Peter Grosz is best known as one of the two guys in the Sonic commercials, but he has also written for The Colbert Report and Late Night with Seth Meyers. He has performed at The Second City etc., the UCB, Boom Chicago, and iO Chicago. Jimmy talks to him about why he still loves improvising, getting hired to write for Colbert and why he likes to play the unlikable Sidney Purcell in HBO’s VEEP.
Improvisers and actors usually classify themselves either as one or the other. But you know what? I wish improvisers would realize they are really actors and actors to realize that learning how to improvise is a necessary part of acting.
Over the years, I’ve found that actors are afraid to improvise, convincing themselves they can’t work without a script. They will they get an audition where they will be asked to improvise and they will freeze up and leave dejected and won’t come close to getting cast.
On the flip side, often when improvisers have a script in their hands, they don’t have a clue what they are doing. They think that they’re such great improvisers, they don’t need to learn how to act. Both the actor and the improviser are missing opportunities.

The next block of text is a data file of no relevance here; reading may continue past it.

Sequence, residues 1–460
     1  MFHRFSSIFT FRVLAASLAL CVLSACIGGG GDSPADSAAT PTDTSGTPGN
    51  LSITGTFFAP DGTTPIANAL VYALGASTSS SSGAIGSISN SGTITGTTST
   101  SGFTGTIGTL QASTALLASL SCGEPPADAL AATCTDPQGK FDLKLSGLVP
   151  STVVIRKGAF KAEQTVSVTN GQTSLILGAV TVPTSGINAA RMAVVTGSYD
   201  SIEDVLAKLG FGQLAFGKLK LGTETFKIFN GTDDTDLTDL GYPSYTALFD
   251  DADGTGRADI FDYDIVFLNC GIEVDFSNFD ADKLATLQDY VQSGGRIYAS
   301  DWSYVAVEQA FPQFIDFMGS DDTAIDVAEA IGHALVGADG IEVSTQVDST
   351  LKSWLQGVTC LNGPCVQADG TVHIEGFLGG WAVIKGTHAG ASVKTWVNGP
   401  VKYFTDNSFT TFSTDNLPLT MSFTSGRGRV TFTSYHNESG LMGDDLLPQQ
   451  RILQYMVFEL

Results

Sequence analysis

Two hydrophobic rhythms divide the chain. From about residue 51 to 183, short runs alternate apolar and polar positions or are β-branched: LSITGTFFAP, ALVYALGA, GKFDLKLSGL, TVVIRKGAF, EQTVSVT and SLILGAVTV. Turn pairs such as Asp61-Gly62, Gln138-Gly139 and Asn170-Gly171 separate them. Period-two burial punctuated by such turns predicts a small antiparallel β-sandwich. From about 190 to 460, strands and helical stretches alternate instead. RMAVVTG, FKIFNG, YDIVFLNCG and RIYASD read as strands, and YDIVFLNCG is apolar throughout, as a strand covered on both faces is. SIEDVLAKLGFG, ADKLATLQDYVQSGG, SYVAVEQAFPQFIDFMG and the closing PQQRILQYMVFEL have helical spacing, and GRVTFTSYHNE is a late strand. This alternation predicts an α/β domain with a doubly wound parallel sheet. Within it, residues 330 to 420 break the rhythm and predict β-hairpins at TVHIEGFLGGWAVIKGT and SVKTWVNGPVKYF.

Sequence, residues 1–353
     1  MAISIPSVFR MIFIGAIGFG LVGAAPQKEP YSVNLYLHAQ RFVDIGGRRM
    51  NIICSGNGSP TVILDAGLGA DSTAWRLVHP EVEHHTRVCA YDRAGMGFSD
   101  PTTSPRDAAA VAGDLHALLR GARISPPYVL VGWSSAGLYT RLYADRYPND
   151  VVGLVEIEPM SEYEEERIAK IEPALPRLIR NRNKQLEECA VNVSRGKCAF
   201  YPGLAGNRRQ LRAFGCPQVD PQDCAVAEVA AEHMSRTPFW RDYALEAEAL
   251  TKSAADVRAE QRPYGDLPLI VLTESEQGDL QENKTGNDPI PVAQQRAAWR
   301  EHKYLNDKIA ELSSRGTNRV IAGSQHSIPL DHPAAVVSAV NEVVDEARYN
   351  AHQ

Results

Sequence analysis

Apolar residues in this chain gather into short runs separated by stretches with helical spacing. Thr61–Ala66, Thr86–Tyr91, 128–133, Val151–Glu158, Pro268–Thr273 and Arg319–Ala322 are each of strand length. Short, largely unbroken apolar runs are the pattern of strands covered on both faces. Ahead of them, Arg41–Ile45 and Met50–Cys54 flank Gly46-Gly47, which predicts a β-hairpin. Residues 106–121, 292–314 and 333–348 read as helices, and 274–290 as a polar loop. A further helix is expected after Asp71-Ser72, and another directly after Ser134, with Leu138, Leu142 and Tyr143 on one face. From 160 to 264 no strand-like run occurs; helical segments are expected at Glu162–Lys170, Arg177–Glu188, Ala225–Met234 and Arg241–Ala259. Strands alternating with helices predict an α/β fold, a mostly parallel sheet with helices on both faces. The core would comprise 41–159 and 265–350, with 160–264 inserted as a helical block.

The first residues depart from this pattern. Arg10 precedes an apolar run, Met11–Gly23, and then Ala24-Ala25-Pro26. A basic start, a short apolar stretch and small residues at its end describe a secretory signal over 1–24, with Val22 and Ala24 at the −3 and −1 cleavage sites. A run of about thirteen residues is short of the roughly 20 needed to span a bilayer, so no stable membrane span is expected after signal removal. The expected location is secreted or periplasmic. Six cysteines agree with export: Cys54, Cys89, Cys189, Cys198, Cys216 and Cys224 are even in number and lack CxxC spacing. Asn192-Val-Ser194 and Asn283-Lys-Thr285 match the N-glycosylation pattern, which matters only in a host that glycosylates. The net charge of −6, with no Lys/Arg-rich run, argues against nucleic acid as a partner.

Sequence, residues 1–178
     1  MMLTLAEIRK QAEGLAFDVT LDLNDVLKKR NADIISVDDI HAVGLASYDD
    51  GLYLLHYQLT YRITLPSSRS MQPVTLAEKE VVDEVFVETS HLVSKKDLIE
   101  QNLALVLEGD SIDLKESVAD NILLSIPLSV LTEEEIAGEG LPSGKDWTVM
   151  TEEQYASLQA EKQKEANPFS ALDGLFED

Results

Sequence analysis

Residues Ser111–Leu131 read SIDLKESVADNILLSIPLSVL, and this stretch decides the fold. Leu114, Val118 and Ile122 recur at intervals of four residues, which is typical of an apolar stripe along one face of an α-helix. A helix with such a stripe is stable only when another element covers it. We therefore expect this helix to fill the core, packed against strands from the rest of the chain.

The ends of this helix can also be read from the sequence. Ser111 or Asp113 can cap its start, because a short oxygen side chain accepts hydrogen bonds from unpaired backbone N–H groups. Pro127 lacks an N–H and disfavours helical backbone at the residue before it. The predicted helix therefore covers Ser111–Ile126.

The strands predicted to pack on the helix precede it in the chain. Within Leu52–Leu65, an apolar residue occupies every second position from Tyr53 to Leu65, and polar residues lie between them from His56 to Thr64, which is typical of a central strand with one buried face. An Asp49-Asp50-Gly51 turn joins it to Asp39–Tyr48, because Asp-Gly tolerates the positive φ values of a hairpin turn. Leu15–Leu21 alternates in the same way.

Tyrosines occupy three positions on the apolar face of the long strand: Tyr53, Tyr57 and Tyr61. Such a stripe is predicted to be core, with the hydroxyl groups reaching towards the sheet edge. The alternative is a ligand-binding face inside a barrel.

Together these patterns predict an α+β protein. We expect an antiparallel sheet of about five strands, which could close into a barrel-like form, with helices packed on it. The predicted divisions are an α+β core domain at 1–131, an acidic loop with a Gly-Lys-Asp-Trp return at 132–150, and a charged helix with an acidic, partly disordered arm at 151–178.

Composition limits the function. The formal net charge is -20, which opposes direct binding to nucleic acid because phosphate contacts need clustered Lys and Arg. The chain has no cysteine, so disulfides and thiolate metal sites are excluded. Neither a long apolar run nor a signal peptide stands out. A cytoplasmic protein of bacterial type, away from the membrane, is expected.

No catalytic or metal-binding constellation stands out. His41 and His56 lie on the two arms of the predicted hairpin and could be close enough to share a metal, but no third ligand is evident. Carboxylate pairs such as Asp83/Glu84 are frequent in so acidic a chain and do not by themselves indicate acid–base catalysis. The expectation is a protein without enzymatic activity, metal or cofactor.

Both the actor and improviser can learn from each other, and the easiest way to do that is for the improviser to take an acting class and the actor to take an improv class.
To help me explain why this is important, I asked Andrew Gallant, who teaches Meisner acting classes at Green Shirt Studio in Chicago, to give me his thoughts on the subject.
Why Improvisers Should Take Acting Classes
— Jimmy Carrane
1. It helps you get good with a script
Guess what improvisers? If you want to do commercials, TV and films — the things that actually pay you money and may bring some exposure to your career — then you are going to have to audition to get them. Which means you are going to have be good with a script. This translates to knowing how to ACT!
Improvisers have had the reputation for years that when they get in casting session and are asked to read off the script they usually suck. The reason they do is they usually have no formal ACTING experience or training. Remember, the last time I checked, there was no one getting rich off of just doing improv.
- It helps you develop your serious side